Soluble cyanophycin was tested for toxicity to Chinese Hamster ovary cells. Minimal immune response was caused, no toxicity was observed, and, moreover, the cyanophycin films supplied adequate conditions for cell growth. Thus cyanophycin has the potential to serve as biocompatible and biodegradable material for biomedicinal applications (Tseng et al., 2016). Following these findings, cyanophycin was conjugated with polyethylene glycol (PEG) (Tseng et al., 2018). Two levels of conjugation were obtained: one with a low and one with a high level of PEG. The materials were prepared by reacting the aldehyde group of the activated PEG and the amine group of lysine in cyanophycin in the presence of sodium cyanoborohydride. The authors were investigating the thermoresponse of cyanophycin and its conjugates, aiming at unravelling its potential in drug delivery. The conjugate with a high PEG level proved to be a promising material for the temperature-regulated release of drugs.
In further research, cyanophycin was combined with two different polyanionic biopolymers, hyaluronic acid (HA) and γ-polyglutamic acid (PG), yielding polyelectrolyte multilayers. These were prepared by sequential adsorption of polyelectrolytes following the dip coat approach (Uddin et al., 2020). Both cyanophycin-PG and cyanophycin-HA films enabled growth, viability and enhanced cellular mobility when murine fibroblast cells were cultivated on them. Such features may be useful for tissue engineering.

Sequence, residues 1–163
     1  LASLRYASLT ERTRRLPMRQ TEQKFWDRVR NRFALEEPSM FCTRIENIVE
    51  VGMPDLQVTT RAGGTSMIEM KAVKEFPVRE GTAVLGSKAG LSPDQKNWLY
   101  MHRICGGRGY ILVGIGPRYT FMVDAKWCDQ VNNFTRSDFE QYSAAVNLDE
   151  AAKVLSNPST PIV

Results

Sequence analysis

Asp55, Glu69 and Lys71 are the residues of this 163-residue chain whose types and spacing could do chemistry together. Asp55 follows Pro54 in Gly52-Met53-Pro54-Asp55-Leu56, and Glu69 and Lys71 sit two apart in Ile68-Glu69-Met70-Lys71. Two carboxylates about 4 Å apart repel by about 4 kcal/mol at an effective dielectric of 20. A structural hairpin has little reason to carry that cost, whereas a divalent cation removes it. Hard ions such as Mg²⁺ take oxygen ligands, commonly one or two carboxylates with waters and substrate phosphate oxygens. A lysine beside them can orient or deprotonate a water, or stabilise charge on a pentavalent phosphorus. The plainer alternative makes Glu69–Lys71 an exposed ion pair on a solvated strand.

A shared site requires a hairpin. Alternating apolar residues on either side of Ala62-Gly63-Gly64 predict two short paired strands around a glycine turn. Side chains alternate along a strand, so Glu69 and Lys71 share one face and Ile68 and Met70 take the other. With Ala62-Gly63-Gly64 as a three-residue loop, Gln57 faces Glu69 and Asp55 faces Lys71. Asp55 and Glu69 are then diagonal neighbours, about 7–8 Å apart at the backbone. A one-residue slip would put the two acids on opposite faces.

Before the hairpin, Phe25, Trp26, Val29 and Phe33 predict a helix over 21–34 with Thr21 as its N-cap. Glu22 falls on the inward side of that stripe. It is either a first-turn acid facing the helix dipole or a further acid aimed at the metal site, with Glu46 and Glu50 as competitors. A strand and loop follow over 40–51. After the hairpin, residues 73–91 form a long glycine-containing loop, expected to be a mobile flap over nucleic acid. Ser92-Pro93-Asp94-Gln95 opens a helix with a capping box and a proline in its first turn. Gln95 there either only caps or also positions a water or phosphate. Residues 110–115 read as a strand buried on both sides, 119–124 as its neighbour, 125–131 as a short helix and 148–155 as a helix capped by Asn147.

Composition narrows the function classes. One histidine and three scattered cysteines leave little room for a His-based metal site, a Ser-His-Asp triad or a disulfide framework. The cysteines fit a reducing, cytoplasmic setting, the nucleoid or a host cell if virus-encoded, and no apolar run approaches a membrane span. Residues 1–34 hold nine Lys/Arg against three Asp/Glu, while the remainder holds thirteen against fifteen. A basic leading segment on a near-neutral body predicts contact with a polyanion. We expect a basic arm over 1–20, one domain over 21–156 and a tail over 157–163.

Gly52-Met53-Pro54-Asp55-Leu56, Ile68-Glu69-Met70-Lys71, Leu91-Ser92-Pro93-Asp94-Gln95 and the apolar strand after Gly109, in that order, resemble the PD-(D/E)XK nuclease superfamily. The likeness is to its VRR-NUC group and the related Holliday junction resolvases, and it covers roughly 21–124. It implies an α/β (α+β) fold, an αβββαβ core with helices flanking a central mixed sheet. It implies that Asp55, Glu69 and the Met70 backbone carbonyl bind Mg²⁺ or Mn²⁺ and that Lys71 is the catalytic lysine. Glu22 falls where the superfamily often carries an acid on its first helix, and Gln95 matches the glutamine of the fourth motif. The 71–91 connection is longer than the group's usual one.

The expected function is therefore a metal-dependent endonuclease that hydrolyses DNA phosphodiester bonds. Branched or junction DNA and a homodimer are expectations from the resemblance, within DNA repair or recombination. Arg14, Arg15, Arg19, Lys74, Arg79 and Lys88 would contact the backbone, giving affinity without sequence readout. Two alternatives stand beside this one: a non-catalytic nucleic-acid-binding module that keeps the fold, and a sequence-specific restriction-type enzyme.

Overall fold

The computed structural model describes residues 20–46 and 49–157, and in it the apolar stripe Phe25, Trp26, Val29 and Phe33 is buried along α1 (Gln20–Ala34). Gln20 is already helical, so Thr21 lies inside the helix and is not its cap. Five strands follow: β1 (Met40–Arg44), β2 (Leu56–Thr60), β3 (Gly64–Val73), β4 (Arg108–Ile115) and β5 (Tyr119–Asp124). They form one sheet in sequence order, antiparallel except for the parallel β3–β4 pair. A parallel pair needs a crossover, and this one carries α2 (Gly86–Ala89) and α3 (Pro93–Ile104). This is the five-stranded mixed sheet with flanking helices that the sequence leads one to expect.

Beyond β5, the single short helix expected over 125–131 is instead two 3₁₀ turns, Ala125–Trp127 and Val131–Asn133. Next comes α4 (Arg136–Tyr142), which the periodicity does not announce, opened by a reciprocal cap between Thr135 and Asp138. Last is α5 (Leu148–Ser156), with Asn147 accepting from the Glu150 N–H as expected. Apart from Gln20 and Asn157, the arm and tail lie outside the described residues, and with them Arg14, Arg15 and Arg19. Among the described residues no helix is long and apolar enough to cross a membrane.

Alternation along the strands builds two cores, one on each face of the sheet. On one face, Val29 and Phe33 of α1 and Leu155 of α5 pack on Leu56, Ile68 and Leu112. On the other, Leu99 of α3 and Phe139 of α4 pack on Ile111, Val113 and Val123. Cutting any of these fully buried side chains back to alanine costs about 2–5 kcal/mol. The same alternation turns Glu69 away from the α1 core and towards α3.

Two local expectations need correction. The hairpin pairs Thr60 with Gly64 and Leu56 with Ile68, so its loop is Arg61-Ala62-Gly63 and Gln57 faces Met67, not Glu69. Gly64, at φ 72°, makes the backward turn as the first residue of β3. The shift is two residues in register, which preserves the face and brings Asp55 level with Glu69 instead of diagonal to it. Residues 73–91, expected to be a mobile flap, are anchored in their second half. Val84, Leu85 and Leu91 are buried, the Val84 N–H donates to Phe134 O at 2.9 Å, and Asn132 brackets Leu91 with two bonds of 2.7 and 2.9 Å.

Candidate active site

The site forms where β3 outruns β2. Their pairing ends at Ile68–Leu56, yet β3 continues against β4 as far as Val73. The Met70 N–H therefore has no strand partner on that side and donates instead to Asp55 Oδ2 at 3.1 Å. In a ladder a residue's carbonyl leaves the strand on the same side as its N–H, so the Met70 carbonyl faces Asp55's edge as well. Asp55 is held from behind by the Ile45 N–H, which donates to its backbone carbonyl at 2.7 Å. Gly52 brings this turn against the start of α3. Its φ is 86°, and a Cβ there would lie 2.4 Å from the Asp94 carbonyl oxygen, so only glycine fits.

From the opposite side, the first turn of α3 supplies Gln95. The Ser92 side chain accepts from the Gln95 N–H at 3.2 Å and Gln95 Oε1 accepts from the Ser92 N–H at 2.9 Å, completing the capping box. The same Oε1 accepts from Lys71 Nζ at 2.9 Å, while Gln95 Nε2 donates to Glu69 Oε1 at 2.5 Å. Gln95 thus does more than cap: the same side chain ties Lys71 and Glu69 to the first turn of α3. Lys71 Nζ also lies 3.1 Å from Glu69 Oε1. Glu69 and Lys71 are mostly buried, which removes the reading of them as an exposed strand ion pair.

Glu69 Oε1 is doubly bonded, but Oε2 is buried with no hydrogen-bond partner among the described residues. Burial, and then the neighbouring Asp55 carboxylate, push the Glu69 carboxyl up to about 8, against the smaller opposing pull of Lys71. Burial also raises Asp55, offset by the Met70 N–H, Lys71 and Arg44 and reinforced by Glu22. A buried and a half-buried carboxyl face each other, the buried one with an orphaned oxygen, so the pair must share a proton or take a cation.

Conclusions and Perspectives
To date, the major applications of cyanophycin have yet to be established. However, its modification widens its possible applications and opens new perspectives (Figure 2). Khlystov et al., 2017 thoroughly characterized material properties of cyanophycin and suggested its usefulness as part of copolymers–cyanophycin could contribute to the final material with its strength. For example, cyanophycin could be used to toughen resins. Moreover, Tseng et al., 2016 showed that cross-linking cyanophycin led to decrease of brittleness, hence, this technique may also widen the applicability of cyanophycin.
FIGURE 2. Flow chart presenting the cyanophycin life cycle. From microbial production, through chemical or enzymatic modifications to valuable applications.